The Lukewarm Test For All Christians

 

This is an edited excerpt from a book that I found today. It’s actually rather lengthy, so I’ve tried to condense it without altering the message. For each point, I included the scripture reference so if you’re like me and you’re getting your toes stepped on with a particular point, please look up the applicable verses that indicate what God has said on the matter. Though I really appreciate the way the author has conveyed it, the real conviction comes from the truth which can be found in God’s word.

I know I’ve really been hitting on our commitment and discipleship and being lukewarm, but it’s definitely what I’ve needed in my life and I hope God can restore that zeal in the life of someone else as well.

(Steel-toed boots may be required ;) )

“Examine yourselves, to see whether you are in the faith. Test yourselves…” – 1 Corinthians 13:5

“Lukewarm people…

…attend church fairly regularly. It is what is expected of them, what they believe “good Christians” do, so they go.

(Isaiah 29:13)

…give money to charity and to the church, as long as it doesn’t impinge on their standard of living. If they have a little extra and it is easy and safe to give, they do so. After, all God loves a cheerful giver right?

(1 Chronicles 21:24, Luke 21:1-4)

…tend to choose what is popular over what is right when they are in conflict. They desire to fit in both at church and outside of church; they care more about what people think of their actions (like church attendance and giving) than what God thinks of their hearts and lives.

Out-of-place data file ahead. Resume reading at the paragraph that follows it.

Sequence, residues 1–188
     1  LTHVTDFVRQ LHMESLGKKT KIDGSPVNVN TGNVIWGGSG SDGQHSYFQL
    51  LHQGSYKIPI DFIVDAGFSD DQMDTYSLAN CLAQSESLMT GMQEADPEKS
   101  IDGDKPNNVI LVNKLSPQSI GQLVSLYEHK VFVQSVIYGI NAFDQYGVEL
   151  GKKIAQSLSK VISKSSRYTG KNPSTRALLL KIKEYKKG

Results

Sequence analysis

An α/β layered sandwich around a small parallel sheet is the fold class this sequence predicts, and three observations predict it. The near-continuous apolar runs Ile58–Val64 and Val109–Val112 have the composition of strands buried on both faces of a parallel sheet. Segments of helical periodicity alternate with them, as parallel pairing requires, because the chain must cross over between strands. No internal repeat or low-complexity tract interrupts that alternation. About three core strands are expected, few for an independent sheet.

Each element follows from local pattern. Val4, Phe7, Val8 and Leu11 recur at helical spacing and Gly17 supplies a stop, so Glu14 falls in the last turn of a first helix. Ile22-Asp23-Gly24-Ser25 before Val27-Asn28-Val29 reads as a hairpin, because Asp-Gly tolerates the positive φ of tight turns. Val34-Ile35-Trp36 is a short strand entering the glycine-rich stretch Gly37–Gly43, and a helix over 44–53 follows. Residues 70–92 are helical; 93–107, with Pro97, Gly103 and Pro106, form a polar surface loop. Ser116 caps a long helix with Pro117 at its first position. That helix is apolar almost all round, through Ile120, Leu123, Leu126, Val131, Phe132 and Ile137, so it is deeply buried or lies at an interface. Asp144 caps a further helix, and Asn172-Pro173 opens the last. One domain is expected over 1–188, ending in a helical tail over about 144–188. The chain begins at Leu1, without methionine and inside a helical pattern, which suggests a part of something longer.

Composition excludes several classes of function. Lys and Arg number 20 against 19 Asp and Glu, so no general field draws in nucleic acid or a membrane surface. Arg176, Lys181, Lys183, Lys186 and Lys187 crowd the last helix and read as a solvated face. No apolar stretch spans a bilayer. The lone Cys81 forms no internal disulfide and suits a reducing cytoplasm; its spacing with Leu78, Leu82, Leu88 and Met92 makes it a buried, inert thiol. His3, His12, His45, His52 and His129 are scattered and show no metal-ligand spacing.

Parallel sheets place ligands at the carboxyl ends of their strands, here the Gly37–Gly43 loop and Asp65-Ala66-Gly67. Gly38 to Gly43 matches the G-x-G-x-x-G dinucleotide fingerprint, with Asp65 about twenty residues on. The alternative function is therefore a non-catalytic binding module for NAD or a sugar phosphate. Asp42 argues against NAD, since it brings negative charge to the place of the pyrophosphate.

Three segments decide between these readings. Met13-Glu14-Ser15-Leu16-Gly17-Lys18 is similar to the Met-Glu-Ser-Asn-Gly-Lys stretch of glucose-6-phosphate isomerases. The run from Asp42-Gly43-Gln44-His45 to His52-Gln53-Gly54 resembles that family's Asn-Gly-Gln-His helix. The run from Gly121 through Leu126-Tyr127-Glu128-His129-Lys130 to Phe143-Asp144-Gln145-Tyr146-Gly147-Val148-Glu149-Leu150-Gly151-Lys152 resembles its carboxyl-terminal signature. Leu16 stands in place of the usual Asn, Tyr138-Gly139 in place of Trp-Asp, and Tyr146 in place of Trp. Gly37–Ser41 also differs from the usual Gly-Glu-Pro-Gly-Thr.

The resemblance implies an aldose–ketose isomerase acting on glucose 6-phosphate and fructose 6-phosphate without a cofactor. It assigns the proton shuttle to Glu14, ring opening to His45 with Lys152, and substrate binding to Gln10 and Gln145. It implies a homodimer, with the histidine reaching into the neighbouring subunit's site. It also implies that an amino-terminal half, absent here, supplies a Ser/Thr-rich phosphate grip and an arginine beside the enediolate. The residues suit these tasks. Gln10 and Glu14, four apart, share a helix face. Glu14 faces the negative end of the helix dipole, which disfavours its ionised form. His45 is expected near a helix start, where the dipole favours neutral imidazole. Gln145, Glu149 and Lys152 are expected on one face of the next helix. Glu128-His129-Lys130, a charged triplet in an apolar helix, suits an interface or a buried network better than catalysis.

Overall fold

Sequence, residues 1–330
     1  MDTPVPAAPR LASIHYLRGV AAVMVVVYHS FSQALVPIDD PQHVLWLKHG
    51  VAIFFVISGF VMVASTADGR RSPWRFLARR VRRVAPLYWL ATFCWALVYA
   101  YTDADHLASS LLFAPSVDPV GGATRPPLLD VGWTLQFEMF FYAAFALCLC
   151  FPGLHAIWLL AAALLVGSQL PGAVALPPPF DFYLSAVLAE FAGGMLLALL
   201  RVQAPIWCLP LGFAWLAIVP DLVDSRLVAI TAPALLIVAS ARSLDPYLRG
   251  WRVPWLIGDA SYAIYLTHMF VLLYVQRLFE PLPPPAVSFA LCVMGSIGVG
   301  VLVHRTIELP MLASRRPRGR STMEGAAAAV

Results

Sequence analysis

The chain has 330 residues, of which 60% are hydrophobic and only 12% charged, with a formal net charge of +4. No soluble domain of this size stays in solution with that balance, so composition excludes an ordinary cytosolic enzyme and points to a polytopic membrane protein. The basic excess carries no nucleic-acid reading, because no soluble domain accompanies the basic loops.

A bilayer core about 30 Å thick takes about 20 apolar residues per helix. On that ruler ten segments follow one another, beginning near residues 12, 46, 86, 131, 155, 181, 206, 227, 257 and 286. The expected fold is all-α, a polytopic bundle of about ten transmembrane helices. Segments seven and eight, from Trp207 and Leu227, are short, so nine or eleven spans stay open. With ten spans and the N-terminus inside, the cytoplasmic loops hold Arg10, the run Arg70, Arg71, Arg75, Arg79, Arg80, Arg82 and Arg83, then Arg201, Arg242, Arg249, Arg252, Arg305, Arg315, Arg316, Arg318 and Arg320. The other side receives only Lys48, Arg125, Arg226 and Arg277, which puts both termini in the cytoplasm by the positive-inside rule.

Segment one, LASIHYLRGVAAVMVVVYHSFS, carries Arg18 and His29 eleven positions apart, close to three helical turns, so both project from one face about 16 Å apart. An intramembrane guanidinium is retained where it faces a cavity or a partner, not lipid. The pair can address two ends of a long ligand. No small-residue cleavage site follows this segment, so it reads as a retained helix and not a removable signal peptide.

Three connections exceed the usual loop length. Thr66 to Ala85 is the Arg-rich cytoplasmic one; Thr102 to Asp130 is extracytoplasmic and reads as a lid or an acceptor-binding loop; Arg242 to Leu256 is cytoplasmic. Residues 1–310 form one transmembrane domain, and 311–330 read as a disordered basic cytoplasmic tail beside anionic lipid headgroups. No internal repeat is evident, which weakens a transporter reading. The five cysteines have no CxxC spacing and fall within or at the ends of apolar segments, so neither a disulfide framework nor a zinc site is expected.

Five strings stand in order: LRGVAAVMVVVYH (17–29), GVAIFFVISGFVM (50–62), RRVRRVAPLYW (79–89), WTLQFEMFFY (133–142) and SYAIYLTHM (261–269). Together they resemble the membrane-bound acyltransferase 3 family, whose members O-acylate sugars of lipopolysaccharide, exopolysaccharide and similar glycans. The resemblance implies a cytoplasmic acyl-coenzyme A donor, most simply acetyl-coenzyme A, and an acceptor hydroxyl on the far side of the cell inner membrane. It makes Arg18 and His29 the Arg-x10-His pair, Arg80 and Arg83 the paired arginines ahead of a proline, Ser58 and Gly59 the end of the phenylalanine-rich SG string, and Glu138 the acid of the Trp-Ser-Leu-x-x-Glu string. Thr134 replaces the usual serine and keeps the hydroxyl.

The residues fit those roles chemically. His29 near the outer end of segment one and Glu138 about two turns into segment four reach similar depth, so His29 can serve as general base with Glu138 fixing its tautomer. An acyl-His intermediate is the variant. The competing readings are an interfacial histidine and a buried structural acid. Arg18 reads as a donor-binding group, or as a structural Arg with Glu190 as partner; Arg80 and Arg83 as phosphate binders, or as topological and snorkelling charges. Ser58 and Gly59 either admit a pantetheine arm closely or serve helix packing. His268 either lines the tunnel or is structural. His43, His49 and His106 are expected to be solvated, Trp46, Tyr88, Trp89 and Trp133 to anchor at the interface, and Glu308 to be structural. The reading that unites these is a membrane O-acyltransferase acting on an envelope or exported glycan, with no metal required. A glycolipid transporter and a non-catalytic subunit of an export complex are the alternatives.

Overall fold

(Luke 6:26, Revelation 3:1, Matthew 23:5-7)

…don’t really want to be saved from their sin; they want only to be saved from the penalty of their sin. They don’t genuinely hate sin and aren’t truly sorry for it; they’re merely sorry because God is going to punish them. Lukewarm people don’t really believe that this new life Jesus offers is better than the old sinful one.

(John 10:10, Romans 6:1-2)

…are moved by stories about people who do radical things for Christ, yet they do not act. They assume such action is for “extreme” Christians, not average ones. Lukewarm people call “radical” what Jesus expected of all His followers.

(James 1:22, 4:17, Matthew 21:28-31)

…rarely share their faith with their neighbors, coworkers, or friends. They do not want to be rejected, nor do they want to make people uncomfortable by talking about private issues like religion.

(Matthew 10:32, 33)

…gauge their morality or “goodness” by comparing themselves to the secular world. They feel satisfied that while they aren’t as hard-core for Jesus as so-and-so, they are nowhere as horrible as the guy down the street.

(Luke 18:11-12)

…say they love Jesus, and He is, indeed, a part of their lives. But only a part. They give Him a section of their time, their money, and their thoughts, but He isn’t allowed to control their lives.

(Luke 9:57-62)

…love God, but they do not love Him with all their heart, soul and strength. They would be quick to assure you that they try to love God that much, but that sort of total devotion isn’t really possible for the average person; it’s only for [preachers] and missionaries and radicals.

(Matthew 22:37-38)